IUCN Congress: Crop wild relatives in peril; food giants’ regenerative-ag push
The wild relatives of some of the world’s most important crops are at risk of extinction, threatening efforts to breed plants with greater resilience to climate change and improve yields, according to a new paper presented Tuesday at the IUCN World Conservation Congress. (No paywall)
Cover crops grow in popularity, but still a niche
Extolled as a defense against erosion and nutrient loss during fallow seasons, cover crops are being planted on a larger portion of U.S. cropland than before, said USDA economists. Plantings expanded 50 percent in a five-year period, but still only 5 percent of cropland is sown with them—and incentive payments are an important factor in adoption of the practice.
The template for climate mitigation is soil conservation, says farm-enviro alliance
The new era of climate mitigation on the farm would look like a beefed-up version of longstanding USDA conservation programs, augmented by a carbon bank that sets a floor price for carbon sequestration and reductions in greenhouse gas emissions, said leaders of the Food and Agriculture Climate Alliance on Wednesday.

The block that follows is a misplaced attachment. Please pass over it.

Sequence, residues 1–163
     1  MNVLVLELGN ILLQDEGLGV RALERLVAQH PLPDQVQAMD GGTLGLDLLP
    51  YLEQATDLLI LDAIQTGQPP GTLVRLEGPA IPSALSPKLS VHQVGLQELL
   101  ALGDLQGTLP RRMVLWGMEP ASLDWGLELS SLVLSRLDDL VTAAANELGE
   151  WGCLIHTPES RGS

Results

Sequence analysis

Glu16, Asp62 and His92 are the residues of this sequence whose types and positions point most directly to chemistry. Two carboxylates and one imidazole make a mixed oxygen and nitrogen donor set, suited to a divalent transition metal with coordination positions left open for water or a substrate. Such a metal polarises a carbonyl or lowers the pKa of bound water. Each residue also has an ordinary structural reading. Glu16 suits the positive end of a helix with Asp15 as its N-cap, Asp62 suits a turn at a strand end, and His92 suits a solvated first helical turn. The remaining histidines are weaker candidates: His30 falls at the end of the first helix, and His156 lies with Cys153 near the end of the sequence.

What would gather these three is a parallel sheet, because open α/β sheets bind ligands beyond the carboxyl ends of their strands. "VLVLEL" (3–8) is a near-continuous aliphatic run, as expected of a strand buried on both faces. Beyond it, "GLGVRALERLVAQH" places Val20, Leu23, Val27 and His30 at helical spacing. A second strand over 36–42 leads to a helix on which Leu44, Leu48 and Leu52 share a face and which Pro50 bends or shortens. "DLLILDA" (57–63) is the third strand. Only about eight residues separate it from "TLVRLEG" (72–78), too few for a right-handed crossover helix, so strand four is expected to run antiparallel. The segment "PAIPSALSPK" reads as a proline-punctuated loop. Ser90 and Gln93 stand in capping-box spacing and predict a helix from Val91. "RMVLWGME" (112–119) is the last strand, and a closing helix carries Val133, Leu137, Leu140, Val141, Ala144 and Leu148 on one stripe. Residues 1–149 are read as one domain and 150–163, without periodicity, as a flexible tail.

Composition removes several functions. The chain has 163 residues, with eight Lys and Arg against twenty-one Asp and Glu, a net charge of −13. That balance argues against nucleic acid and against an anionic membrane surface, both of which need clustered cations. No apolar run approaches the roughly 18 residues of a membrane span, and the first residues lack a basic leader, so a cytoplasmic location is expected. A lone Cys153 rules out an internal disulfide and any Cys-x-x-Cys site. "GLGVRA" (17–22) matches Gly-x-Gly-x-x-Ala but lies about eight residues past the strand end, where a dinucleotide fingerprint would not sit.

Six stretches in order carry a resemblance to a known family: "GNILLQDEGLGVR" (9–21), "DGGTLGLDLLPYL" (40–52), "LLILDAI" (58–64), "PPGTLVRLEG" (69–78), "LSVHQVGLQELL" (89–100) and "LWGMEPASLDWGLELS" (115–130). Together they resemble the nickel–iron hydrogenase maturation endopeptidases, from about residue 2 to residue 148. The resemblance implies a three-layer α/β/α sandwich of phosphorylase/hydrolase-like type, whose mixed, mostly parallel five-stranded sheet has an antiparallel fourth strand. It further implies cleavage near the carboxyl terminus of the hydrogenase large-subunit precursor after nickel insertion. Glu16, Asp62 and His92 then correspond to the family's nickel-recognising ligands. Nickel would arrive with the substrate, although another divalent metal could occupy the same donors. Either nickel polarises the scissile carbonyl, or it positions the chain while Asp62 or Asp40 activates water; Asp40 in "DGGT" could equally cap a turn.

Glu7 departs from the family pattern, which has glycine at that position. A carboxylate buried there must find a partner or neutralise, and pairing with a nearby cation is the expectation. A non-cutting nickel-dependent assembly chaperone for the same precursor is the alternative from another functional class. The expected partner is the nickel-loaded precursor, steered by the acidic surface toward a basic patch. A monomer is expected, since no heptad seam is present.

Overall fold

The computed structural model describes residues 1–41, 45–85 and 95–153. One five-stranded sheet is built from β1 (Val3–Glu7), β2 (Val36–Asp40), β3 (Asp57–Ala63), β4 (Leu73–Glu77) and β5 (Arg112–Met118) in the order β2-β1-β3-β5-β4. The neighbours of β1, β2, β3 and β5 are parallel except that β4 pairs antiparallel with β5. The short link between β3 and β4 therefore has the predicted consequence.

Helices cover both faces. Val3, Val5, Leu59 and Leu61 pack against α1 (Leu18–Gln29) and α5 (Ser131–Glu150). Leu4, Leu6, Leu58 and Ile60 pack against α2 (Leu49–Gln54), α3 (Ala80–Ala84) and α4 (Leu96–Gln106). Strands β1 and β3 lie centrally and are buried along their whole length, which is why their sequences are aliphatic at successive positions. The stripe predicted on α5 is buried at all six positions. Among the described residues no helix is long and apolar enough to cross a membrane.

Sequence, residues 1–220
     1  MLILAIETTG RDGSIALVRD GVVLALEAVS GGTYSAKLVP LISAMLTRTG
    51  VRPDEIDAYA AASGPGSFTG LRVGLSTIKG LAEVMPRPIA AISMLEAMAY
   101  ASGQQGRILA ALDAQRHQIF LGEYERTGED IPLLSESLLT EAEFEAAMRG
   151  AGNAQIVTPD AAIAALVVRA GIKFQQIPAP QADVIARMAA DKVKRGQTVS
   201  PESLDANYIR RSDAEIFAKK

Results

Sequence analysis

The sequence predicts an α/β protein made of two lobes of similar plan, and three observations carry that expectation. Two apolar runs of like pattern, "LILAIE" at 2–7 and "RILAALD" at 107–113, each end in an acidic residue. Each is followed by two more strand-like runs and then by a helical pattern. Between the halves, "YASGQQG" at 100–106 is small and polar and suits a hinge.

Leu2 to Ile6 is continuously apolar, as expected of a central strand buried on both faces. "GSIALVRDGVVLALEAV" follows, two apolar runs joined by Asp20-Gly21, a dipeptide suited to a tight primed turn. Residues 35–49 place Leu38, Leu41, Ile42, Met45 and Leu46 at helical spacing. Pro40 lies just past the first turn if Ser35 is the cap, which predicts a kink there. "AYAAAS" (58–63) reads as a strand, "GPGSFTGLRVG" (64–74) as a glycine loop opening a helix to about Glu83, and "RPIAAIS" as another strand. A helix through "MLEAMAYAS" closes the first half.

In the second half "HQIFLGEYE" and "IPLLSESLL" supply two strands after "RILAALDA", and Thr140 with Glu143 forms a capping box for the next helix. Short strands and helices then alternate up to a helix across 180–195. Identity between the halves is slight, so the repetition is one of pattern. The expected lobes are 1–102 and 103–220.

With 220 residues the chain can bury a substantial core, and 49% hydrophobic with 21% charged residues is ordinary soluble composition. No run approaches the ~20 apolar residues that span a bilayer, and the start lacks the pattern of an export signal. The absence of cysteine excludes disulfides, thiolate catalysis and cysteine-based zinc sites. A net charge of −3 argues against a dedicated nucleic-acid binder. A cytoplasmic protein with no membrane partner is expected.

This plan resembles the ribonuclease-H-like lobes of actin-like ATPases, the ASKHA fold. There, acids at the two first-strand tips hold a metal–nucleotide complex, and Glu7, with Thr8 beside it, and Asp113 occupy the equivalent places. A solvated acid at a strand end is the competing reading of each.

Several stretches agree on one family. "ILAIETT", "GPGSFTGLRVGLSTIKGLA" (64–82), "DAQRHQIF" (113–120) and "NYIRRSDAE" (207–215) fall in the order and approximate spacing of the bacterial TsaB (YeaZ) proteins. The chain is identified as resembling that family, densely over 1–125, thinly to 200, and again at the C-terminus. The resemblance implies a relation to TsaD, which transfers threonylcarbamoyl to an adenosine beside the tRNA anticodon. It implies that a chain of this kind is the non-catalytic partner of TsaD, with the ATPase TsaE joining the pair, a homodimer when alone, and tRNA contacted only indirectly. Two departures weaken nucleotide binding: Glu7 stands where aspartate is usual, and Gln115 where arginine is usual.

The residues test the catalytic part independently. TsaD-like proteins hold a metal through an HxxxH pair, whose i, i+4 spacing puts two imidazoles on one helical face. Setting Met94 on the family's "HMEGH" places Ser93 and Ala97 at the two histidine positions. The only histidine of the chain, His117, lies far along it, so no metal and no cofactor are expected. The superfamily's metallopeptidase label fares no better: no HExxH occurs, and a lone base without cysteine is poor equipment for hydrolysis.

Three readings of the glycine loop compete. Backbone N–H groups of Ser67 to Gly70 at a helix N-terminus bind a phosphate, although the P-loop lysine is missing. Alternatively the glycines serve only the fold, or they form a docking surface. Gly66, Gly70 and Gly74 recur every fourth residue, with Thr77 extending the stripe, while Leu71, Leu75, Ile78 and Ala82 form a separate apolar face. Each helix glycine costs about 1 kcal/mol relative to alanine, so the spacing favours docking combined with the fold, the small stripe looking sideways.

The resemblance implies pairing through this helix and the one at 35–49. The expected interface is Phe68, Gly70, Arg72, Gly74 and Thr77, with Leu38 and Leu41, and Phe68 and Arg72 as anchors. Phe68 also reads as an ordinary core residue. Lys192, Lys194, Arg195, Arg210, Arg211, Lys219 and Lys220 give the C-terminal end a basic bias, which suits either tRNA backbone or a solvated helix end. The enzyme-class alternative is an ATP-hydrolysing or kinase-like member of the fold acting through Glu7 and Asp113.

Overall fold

Agriculture may be ‘first and best place’ for climate gains, says Vilsack
The Biden administration will work with farmers, ranchers and forest owners "to create new sources of revenue tied to their good climate practices," said agriculture secretary-nominee Tom Vilsack on Tuesday. With USDA's broad authority to aid farmers, he said he could launch carbon sequestration initiatives that soon would become a standard part of the federal farm program. No paywall .
Conservation Reserve shrinks to smallest size since 1988
Lawmakers decided as part of the 2018 farm policy law to expand the voluntary Conservation Reserve, which pays landowners an annual rent in exchange for idling fragile farmland for 10 years or longer. Although the expansion was expected to be popular — offering steady income after years of low commodity prices — it hasn't panned out. Enrollment continues a decline that began in 2007.
New market planned to pay farmers for soil carbon, water quality